“I think a piano player has to like to comp to do it well. If you’re preoccupied with soloing ,if you’re sitting up there halfway feeding the horns, waiting for your turn to solo, you won’t be a good comper…I love the feeling I get when the rhythm section is really getting it together …we’ve got the horns in the palms of our hands…We’ve got to raise our hands and uplift
          them to the sky. See, the music’s got to float…”

          ..and he goes on to say that you have to love to solo or you should just play with a trio.The nice thing is, Horace Silver Trio numbers are an unappreciated highlight of his career.The Horace Silver Blue Note sessions with Gene Ramey and Art Blakey in 1952 and 53
          are so deep..And every HS Quintet album I can think of has one Trio number, usually a profound ballad original. So thoughtful. Deep as the ocean.

Comment on this article:

Your email address will not be published. Required fields are marked *

In This Issue

Michael Cuscuna, Mosaic Records co-founder, is interviewed about his successful career as a jazz producer, discographer, and entrepreneur...Also in this issue, in celebration of Blue Note’s 80th year, we asked prominent writers and musicians the following question: “What are 4 or 5 of your all-time favorite Blue Note albums; a new collection of jazz poetry; “On the Turntable,” is a new playlist of 18 recently released jazz recordings from six artists – Joshua Redman, Joe Lovano, Matt Brewer, Tom Harrell, Zela Margossian and Aaron Burnett; two new podcasts by Bob Hecht; a new “Jazz History Quiz”; a new feature called “Pressed for All Time,”; a new photo-narrative by Charles Ingham; and…lots more.

On the Turntable

This month, a playlist of 18 recently released jazz recordings by six artists -- Joshua Redman, Joe Lovano. Matt Brewer, Tom Harrell, Zela Margossian, and Aaron Burnett


In this month’s collection, with great jazz artists at the core of their work, 16 poets remember, revere, ponder, laugh, dream, and listen

The Joys of Jazz

In this new volume of his podcasts, Bob presents two stories, one on Clifford Brown (featuring the trumpeter Charlie Porter) and the other is part two of his program on stride piano, including a conversation with Mike Lipskin

Short Fiction

Short Fiction Contest-winning story #51 — “Crossing the Ribbon,” by Linnea Kellar

“What are 4 or 5 of your all-time favorite Blue Note albums?”

Dianne Reeves, Nate Chinen, Gary Giddins, Michael Cuscuna, Eliane Elias and Ashley Kahn are among the 12 writers, musicians, and music executives who list and write about their favorite Blue Note albums

Pressed for All Time

In an excerpt from his book Pressed for All Time, Michael Jarrett interviews producer Creed Taylor about how he came to use tape overdubs during the 1957 Lambert, Hendricks, and Ross Sing a Song of Basie recording session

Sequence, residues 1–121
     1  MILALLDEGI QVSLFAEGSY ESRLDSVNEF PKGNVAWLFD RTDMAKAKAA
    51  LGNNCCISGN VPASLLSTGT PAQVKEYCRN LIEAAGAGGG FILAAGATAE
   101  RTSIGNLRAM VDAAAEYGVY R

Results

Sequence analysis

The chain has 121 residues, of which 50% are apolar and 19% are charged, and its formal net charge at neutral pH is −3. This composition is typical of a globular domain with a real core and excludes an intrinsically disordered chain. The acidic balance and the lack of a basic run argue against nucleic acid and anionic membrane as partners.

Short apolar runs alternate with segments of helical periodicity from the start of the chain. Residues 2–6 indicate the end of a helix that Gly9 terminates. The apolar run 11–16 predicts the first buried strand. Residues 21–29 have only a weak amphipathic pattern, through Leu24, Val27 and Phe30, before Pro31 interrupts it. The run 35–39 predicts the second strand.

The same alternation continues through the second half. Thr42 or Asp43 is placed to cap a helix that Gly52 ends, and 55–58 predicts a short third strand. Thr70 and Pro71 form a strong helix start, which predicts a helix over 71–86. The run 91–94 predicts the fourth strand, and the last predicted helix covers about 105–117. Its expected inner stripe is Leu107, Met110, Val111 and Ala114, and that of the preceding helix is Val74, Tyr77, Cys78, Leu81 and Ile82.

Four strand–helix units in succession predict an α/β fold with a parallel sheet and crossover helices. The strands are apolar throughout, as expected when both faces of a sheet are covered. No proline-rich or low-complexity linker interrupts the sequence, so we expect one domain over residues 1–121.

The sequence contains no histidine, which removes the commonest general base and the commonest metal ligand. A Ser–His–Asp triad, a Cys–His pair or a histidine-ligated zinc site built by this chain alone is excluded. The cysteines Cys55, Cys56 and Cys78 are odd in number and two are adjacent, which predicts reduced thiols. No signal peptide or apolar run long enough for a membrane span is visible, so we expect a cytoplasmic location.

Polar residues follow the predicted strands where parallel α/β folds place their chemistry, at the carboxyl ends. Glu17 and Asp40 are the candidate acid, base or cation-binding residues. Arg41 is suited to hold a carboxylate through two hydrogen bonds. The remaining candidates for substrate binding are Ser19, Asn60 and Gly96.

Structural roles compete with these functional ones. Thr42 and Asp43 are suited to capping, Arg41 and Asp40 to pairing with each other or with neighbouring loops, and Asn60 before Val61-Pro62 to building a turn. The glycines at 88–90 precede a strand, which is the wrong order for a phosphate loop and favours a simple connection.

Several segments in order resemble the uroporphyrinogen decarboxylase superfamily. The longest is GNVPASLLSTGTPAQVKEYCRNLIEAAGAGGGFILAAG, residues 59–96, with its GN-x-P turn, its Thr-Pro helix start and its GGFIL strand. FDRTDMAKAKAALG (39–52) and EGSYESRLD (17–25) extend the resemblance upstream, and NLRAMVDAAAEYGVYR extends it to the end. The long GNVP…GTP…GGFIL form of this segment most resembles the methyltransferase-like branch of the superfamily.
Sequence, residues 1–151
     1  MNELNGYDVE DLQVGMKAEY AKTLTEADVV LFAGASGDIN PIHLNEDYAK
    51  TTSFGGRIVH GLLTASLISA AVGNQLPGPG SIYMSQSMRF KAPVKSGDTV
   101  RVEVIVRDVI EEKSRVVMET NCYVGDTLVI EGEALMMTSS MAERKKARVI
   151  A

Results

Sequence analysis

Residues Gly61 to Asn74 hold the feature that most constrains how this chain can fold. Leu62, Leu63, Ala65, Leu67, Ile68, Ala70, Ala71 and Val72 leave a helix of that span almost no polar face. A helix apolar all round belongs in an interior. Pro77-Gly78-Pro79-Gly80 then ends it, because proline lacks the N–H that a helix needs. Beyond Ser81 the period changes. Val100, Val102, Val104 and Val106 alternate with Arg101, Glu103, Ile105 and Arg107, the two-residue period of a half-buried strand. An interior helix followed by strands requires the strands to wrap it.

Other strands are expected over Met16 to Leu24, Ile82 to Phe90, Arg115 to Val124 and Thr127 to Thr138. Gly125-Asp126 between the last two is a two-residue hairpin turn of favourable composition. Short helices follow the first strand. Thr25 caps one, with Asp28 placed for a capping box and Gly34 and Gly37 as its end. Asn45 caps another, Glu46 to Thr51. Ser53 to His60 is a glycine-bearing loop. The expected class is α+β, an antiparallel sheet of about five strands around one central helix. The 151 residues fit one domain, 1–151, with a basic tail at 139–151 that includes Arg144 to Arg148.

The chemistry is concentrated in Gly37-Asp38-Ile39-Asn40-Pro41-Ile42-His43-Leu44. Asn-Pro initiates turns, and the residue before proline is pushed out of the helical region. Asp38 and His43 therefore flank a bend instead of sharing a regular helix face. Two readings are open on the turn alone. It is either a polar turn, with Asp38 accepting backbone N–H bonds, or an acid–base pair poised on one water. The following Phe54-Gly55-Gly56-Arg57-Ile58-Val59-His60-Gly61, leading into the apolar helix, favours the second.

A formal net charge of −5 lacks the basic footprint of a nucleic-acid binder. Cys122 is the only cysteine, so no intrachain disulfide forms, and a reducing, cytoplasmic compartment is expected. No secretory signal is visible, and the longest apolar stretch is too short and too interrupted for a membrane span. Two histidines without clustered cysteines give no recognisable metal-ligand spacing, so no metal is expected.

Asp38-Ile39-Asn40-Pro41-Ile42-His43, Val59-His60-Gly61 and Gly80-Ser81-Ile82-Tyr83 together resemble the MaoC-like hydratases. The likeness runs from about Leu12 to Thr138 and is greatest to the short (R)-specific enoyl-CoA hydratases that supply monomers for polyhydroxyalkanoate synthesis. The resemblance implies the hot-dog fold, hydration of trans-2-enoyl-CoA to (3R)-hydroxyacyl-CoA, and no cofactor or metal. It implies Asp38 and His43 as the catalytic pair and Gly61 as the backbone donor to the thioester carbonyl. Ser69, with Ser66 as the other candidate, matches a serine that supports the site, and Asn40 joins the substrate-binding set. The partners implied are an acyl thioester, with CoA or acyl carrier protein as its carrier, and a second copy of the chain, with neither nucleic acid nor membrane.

“Thinking about the Truesdells” — a photo-narrative by Charles Ingham

Jazz History Quiz #128

Although he was famous for modernizing the sound of the Tommy Dorsey Orchestra -- “On the Sunny Side of the Street” was his biggest hit while working for Dorsey (pictured) -- this arranger will forever be best-known for his work with the Jimmie Lunceford Orchestra. Who is he?

Great Encounters

In this edition, Bob Dylan recalls what Thelonious Monk told him about music at New York’s Blue Note club in c. 1961.


Jerry Jazz Musician regularly publishes a series of posts featuring excerpts of the photography and stories/captions found in Jazz in Available Light by Veryl Oakland. In this edition, Mr. Oakland's photographs and stories feature Stan Getz, Sun Ra, and Carla Bley.


Maxine Gordon, author of Sophisticated Giant: The Life and Legacy of Dexter Gordon, discusses her late husband’s complex, fascinating life.

Cover Stories with Paul Morris

In this edition, Paul writes about jazz album covers that offer glimpses into intriguing corners of the culture of the 1950’s

Coming Soon

"The Photography Issue" will feature an interview with jazz photographer Carol Friedman (her photo of Wynton Marsalis is pictured), as well as with Michael Cuscuna on unreleased photos by Blue Note's Francis Wolff.

In the previous issue

Jeffrey Stewart, National Book Award and Pulitzer Prize-winning author of The New Negro: The Life of Alain Locke, is interviewed about Locke (pictured), the father of the Harlem Renaissance. Also in this issue…A new collection of jazz poetry; "On the Turntable," a new playlist of 19 recommended recordings by five jazz artists; three new podcasts by Bob Hecht; a new “Great Encounters”; several short stories; the photography of Veryl Oakland and Charles Ingham; a new Jazz History Quiz; and lots more…

Contributing writers

Site Archive